The rush of immigration brought an influx of well-educated Hebraic scholars from the yeshivot of Lithuania and Poland.  In 1877 Rabbi Markowitz led the first of many Orthodox congregations.  Rabbi Simon Sivitz founded the Shaare Torah Congregation and Talmud torah in 1888.  In 1901 Rabbi Aaron *Ashinsky led Beth Jacob and Beth Hamedrash Hagodol, and was a driving force in creating new agencies conducted in the Orthodox tradition, including the House of Shelter, Home for the Aged, and Hebrew Institute.  A variety of synagogues served Russian, Polish, Galician, and Hungarian groups.  The demand for kasher food in a hospital and the need for professional openings for Jewish doctors inspired a group of women led by Mrs. Barnett David to inaugurate fund raising that led to the creation of Montifiore Hospital.  The Irene Kaufmann Settlement was the recreation center for a large number of immigrants.  By 1912 a full complement of social agencies united in the Federation of Jewish Philanthropies with headquarters on Fernando street, easily accessible to the Yiddish-speaking community from the Hill.  In that year there were 35,000 Jews in  Pittsburgh.  By the close of the free immigration in 1925, there were 60,000 Jews in the area, many of whom had begun spilling over the margins of the Hill to Oakland, East End, and Squirrel Hill.

A complex community was growing.  The Workmen’s Circle fostered socialist ideas in an agnostic framework.  Largely inspired by Rabbi Ashinsky, a vibrant Zionist movement flourished.  A branch of the American Jewish Committee came in to being:  The B’nai B’rith lodges multiplied, and the American Jewish Congress added a note of militancy.  Jewish War Veterans organized a Post.

Post-Word War I
A new generation of young people, native American Jews, moved with enthusiasm and talent throughout the public schools, heading on to colleges and eastern universities.  English was spoken everywhere, and prevailing American social amenities were the norm.  Attendance at worship services dropped off and religious education reached a low ebb.  But the Jews were playing an appreciable role in the growth of Pittsburgh.  Parallel with the vast development of the steel industry, Jewish store-keeping had blossomed in to great department stores – Kaufmann’s, Kaufmann and Baer’s, Rosenbaum’s, Frank and Seder’s.  These and other Jewish names appeared among those who sponsored symphony concerts, art exhibitions, and other cultural events.  Although the leading social clubs still practiced exclusion, Jews had created pleasant facilities for themselves and began to emerge on the political and social scene, a number serving with distinction in the judiciary, city council, board of education, and state legislature.

With the depression of the 1930’s, the Jews were able to “take care of their own” through the numerous agencies which were united in the Federation of Jewish Philanthropies/  As the decade advanced and the urgency to provide help for German Jewery became evident, new service and fund-raising agencies were called into being.  In 1936 the United Jewish Fund was established.  Reacting to the Nazi  tragedy, Pittsburgh received it share of refugees from Germany, responded with fervor to the effort to create a Jewish homeland, and raised unprecedented sums for overseas relief.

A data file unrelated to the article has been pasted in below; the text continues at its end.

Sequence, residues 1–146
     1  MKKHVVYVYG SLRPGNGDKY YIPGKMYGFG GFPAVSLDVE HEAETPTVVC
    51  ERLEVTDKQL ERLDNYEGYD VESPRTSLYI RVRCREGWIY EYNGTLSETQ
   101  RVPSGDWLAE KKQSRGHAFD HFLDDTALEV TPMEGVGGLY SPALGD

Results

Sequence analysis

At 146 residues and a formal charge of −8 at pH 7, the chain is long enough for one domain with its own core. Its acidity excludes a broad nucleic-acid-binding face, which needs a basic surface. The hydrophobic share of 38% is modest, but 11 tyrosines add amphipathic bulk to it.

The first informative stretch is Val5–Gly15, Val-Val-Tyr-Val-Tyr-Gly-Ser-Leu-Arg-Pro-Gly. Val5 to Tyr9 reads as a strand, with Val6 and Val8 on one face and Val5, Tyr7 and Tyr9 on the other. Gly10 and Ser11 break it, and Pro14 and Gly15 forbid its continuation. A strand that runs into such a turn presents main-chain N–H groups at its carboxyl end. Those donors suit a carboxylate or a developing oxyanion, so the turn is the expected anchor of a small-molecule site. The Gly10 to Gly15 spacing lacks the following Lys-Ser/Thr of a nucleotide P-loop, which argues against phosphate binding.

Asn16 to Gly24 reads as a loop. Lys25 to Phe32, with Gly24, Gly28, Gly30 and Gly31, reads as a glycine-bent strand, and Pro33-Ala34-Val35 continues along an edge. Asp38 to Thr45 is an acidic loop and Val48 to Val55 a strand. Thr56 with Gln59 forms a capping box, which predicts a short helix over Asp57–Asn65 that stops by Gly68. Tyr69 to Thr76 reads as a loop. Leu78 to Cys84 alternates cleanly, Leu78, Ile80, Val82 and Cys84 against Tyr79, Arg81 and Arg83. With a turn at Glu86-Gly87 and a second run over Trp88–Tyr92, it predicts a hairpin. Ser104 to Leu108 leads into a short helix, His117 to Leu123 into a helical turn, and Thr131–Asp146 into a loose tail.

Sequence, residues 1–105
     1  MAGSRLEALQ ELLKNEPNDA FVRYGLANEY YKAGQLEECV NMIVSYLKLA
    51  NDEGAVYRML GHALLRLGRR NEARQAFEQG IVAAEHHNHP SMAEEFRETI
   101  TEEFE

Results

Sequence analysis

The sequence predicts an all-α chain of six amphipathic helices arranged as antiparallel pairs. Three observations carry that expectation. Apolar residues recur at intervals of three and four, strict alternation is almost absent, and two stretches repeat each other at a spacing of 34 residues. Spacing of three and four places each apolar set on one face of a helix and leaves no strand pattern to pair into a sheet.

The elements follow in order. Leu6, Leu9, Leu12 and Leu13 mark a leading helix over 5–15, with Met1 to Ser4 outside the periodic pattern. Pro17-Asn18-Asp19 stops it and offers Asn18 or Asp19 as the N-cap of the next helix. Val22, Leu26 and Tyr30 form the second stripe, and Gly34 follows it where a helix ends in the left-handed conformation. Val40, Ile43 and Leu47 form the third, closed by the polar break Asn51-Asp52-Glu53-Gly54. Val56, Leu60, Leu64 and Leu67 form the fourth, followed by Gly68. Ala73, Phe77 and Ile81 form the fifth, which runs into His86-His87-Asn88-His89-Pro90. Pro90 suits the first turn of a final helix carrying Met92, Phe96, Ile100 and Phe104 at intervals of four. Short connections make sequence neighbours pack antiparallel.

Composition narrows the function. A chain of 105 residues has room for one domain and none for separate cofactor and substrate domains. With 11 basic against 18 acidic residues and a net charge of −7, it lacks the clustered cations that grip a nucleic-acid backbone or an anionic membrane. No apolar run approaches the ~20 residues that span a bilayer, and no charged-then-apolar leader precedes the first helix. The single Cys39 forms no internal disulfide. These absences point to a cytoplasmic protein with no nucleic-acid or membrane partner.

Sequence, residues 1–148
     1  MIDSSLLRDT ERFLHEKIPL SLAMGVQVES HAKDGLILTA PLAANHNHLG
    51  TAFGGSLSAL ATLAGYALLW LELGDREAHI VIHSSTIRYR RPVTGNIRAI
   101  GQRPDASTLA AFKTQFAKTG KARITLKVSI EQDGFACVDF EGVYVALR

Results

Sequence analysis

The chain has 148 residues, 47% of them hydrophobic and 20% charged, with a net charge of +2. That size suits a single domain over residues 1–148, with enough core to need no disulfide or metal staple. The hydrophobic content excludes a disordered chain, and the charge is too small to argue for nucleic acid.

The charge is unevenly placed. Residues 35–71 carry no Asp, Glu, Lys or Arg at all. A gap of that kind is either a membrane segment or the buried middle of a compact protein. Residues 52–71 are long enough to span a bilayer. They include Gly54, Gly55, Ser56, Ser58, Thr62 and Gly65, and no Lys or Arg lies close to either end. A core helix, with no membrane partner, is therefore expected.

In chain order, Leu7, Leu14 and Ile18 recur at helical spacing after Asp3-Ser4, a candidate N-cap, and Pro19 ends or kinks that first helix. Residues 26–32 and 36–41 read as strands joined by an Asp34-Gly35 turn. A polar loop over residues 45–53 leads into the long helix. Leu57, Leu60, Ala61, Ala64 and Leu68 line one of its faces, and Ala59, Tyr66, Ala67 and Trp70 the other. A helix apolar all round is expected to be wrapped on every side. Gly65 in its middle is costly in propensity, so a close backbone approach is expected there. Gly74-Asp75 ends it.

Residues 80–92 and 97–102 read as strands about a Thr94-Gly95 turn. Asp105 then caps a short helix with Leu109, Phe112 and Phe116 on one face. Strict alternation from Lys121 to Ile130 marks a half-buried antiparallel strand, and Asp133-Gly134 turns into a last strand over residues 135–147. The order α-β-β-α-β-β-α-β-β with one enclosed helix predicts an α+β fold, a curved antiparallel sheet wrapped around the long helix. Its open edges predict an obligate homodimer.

A total transfer of Jewish population had taken place from the Hill to Squirrel Hill and the suburbs.  New structures housed the synagogues, old and new.  Awakened by the Holocaust, a renewed zeal for Jewish education resulted in highly developed programs of the Hebrew Institute, Hillel, and the Advanced Jewish Study Program of the United Jewish Federation.  Synagogues responded with emphasis on the education and youth, as well as keen interest in the State of  Israel.

In 1970 Pittsburgh Jewery numbered 45,000 a decrease attributable to a growing tendency to relocate in the suburbs.  Leadership passed into the hands of a new generation, largely of East European origin.  Rodef shalom remained the largest and most prestigious congregation, although no longer dominated solely by the “German: families.  Montifiore Hospital, with 500 bed, was a teaching arm of the University of Pittsburgh.  The Symphony Orchestra included many Jews, players as well as the conductor, and many generous patrons.  There were several hundred Jewish teachers and principals in the public schools, and many distinguished members of the university faculties.  Jewish names were outstanding in the city’s history – Otto *Stern, Nobel prizewinner; Alexander Silverman, glass chemist; Joseph Slepian, electrical engineer; George S. Kaufman, dramatist;  Jonas *Salk, discoverer of the polio vaccine;  Solomon B. *Freehof, rabbi;  Samuel Rosenberg, artist;  William Steinberg, conductor;  and Immanuel Estermann, physicist.

Bibliography:  M. Taylor, Jewish Community of  Pittsburgh, December, 1938 (1941);  A. J. Karp (ed.)  Jewish Experience in America, 1 and 4 (1968), indexes.